By Edwin Khakali
e are all dreamers but I’d like to call ourselves
daydreamers because we dream with our eyes wide open. I also like to think of
ourselves as people who take massive action to turn these dreams into reality.
This is a short story of the doers, those who take action. And lots of it for
I’m sure you must be wondering (or maybe not), what
makes us tick, what makes us wake up every morning and brave the odds. This is
a scoop never heard/seen before, and you have the opportunity to hear from us
firsthand. While you might have heard about Kilimoguru Ltd., you might also be
wondering, where are our roots? How did Kilimoguru come into existence? What
have we been doing to reach this stage? I have all the answers.
Whenever you get a sit-down or bump into our CEO, Mr.
Evans Muriki, he’s always eager to passionately
share about the company’s journey. It has been one of many trial and errors,
learning, unlearning, and relearning. But most importantly, one of resilience, persistence,
massive action, drive, vision, and ruthless focus.
While students at Moi University, our outgoing
nature got us into the prestigious Hult
Prize global competition, founded by Ahmad Ashkar.
The annual year-long competition challenges college students to solve a
pressing social issue around topics such as food security, water access,
energy, and education. Its mission is to empower the youth to make a positive
impact on the world. Competing at the Hult Prize competition was what really
put us in motion. Being in a space where like-minded young individuals were
making things happen in their countries was both an eye-opener and a doorway to
a new reality. And in the words of our CEO, it was “time to soar.”
Kilimoguru was initially an idea that sought to
bridge the gap between producers of food and the market. We developed an app
that would facilitate this by linking farmers to the market and helping them cut costs and reduce losses. In 2019, when it was incorporated into a company, we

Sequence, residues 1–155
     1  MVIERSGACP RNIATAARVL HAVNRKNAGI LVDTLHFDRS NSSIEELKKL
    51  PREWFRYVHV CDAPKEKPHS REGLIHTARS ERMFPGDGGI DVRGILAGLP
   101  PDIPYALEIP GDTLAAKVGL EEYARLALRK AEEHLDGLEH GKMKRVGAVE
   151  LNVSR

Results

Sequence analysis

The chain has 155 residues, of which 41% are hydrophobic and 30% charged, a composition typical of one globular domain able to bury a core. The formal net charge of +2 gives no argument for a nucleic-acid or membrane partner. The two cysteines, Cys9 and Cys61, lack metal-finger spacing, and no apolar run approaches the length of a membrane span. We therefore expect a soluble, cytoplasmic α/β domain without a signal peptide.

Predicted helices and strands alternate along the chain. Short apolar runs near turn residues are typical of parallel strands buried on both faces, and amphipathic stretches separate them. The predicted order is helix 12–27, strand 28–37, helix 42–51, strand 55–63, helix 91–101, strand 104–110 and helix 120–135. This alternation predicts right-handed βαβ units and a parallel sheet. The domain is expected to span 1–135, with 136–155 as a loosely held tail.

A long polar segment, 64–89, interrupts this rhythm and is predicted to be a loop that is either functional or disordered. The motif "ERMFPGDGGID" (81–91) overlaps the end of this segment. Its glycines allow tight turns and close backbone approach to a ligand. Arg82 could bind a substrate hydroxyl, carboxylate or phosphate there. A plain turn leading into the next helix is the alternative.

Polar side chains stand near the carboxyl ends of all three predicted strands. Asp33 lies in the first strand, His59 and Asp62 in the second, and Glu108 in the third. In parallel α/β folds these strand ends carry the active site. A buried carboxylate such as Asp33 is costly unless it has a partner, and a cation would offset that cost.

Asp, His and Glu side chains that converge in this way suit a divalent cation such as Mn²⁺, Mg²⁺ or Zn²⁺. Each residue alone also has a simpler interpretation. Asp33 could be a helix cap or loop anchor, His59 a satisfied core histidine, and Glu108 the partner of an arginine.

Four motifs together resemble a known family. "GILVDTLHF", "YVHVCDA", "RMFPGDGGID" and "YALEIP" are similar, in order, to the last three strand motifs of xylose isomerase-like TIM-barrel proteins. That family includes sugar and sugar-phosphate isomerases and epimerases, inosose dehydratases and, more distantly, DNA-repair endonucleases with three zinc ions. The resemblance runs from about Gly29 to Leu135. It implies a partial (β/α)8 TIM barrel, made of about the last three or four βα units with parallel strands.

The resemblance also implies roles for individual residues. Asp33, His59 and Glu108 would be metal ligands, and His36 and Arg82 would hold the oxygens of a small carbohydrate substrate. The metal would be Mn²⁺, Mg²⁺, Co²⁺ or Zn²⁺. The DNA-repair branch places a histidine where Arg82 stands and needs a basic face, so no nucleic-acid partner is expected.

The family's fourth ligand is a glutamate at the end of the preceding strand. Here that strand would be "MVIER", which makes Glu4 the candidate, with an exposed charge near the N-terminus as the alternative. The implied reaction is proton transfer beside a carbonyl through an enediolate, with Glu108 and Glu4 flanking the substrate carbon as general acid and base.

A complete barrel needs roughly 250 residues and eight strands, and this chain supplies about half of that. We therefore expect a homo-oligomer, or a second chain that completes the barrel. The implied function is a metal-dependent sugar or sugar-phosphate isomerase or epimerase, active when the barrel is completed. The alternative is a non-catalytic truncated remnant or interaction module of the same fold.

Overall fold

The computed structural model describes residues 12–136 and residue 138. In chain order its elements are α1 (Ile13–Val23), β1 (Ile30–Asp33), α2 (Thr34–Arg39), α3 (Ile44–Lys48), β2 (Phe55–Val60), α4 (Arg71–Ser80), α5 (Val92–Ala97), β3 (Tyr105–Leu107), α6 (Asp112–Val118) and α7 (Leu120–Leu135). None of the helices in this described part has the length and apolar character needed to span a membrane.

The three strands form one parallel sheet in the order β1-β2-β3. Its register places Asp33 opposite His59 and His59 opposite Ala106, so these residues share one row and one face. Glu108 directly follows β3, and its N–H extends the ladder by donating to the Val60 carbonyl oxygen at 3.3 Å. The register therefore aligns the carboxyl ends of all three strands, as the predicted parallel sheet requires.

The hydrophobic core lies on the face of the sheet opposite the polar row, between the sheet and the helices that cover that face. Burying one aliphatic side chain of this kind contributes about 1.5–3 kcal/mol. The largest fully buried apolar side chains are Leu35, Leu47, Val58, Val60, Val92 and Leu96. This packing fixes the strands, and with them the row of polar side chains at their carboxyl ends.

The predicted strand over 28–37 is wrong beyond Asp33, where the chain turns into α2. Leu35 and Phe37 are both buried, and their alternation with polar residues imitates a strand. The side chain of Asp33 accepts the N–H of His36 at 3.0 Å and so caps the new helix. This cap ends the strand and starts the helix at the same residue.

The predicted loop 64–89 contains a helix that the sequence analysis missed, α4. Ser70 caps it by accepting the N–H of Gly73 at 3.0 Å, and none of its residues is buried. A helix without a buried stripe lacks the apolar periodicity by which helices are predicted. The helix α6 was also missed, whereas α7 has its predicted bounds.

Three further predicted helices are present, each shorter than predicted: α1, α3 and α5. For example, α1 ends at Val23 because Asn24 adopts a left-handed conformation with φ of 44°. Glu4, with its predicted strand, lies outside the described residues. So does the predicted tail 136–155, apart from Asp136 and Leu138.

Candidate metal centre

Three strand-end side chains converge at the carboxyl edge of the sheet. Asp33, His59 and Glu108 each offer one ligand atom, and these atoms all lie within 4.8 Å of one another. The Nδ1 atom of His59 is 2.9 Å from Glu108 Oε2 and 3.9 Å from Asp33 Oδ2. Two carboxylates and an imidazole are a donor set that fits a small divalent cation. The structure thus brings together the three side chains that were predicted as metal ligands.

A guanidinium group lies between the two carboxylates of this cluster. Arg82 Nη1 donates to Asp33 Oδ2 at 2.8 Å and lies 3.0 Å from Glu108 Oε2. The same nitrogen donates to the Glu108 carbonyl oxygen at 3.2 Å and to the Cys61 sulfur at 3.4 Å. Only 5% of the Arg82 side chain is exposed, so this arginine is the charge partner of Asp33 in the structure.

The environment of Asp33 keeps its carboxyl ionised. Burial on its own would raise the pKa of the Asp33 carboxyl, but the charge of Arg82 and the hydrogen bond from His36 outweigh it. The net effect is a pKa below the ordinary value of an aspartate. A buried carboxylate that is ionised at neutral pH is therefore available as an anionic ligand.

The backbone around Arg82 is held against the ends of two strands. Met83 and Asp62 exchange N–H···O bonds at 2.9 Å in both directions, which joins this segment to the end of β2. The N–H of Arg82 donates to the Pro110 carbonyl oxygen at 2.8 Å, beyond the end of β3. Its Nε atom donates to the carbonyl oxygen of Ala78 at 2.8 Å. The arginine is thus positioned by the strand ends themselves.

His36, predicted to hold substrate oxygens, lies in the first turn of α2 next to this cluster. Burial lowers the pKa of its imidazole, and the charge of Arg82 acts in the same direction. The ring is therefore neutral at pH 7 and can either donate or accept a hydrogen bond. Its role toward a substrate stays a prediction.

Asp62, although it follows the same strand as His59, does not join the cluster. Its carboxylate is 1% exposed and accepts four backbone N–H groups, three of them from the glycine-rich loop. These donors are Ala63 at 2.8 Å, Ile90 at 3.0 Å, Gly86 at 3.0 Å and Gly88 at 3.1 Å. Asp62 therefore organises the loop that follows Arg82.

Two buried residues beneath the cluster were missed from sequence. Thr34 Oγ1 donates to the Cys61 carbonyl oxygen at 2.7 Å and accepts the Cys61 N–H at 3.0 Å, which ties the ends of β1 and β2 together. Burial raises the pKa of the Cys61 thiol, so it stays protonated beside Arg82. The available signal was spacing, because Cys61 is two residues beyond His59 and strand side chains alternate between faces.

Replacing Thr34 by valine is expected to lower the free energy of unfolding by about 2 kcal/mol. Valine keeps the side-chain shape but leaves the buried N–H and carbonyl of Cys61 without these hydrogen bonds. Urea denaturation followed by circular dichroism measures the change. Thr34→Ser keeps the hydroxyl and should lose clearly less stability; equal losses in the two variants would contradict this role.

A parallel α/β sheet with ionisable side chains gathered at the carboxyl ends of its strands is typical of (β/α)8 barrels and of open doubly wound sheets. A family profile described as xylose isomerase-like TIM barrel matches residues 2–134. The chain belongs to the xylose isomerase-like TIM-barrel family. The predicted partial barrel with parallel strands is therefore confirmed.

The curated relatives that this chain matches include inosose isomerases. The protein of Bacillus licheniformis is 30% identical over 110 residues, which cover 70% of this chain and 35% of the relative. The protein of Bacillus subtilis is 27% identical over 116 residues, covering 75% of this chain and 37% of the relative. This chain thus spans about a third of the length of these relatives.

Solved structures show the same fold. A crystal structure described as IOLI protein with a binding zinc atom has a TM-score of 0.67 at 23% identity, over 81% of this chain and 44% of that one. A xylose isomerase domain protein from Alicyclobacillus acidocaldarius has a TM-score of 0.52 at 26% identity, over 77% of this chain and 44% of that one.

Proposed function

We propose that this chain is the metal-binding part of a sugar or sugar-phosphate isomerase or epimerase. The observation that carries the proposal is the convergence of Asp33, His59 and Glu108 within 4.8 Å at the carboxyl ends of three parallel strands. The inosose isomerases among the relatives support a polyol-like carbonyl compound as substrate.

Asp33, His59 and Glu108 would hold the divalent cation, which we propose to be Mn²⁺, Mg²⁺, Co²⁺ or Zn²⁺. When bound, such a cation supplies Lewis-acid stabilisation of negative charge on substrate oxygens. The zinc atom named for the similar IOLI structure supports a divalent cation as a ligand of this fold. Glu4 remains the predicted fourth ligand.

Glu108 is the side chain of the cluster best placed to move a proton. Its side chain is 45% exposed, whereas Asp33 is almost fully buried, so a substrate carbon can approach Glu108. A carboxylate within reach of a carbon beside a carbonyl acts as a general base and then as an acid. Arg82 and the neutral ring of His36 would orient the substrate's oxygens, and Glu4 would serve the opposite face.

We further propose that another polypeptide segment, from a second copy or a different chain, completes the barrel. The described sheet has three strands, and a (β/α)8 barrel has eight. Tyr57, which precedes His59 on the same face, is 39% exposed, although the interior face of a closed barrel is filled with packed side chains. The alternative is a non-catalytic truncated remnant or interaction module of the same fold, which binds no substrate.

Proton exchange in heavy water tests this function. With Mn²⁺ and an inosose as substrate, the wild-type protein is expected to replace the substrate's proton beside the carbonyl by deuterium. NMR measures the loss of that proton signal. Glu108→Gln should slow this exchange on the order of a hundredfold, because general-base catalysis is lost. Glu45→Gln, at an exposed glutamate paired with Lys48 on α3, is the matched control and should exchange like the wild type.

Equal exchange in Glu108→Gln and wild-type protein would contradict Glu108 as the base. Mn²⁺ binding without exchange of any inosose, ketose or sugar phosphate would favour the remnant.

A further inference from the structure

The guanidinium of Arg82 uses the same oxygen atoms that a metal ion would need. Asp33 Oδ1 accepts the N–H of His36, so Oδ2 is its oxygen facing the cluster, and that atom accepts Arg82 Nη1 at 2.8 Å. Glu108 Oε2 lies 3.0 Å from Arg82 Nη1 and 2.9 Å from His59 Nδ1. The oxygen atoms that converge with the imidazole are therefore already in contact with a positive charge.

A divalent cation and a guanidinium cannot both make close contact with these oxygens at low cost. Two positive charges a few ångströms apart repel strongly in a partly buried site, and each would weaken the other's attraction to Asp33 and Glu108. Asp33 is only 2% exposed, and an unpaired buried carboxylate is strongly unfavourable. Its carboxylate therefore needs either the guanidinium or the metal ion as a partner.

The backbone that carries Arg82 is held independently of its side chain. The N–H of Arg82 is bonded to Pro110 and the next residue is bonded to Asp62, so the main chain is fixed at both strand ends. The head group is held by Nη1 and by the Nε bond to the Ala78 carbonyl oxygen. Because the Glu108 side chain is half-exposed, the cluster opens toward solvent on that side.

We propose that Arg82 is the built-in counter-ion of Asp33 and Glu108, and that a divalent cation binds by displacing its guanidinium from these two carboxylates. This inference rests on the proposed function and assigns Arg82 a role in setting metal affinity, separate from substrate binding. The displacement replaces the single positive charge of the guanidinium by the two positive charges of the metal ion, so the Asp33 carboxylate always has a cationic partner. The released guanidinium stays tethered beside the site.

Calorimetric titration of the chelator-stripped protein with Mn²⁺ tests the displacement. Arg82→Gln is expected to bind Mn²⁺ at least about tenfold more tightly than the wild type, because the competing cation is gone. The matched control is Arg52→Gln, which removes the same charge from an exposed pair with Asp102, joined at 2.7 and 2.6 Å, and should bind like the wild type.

partnered with Moi University students in an organization called Enactus.
Their project sought to empower women in Uasin Gishu County by disseminating
mushroom production skills. Kilimoguru came in to help automate the mushroom
houses to monitor temperature and moisture levels. This was to facilitate an
optimum mushroom growing environment that would help double the yields and prevent
losses. It was an amazing opportunity to work with students who were as
passionate about agriculture as we were. This relationship proved to be
mutually beneficial in the company’s next steps.
While our Hult Prize competition journey ended at
the regional level, our dreams did not die there. We went back to the basics
and through iteration on product development, we tweaked our idea a little bit.
We leveraged insights from the competition, working with Enactus students,
and farmers in Uasin Gishu County to improve our idea. This led to a slight
change in our business model, one based on comprehensive market research and
Through the human-centered design approach, we sort
to work with small-scale commercial farmers with a focus on precision farming.
Our services shifted from linking farmers to the market to helping them double their
crop production by monitoring their farm conditions and offering soil testing
services. This means that once our K-guru, IoT devices are installed on a farm,
we are able to collect data, analyze it, and send the farmer real-time farm
insights/recommendations/corrective actions to take on his farm at the comfort
of their mobile phone.
As our business model took shape, we competed
against other startups and were accepted into the E4Impact Accelerator startup
program for a one year business mentorship and coaching to help build and grow
the business. The program ends in December 2021. At the same time, we were
successful applicants of the Mbele na Biz Business Plan competition by the
government of Kenya, winning a grant of Kshs. 0.9 million. These funds are
being channeled into R&D and scaling up the business.
For Kilimoguru, this is only the beginning, we have
an exciting journey ahead of us and we are not leaving behind any small-scale
commercial farmer. We are harnessing the potential of new technology to help
spur productivity, increase profits and improve the livelihoods of many
Kenyans. We want to create jobs and make sure you have healthy food on your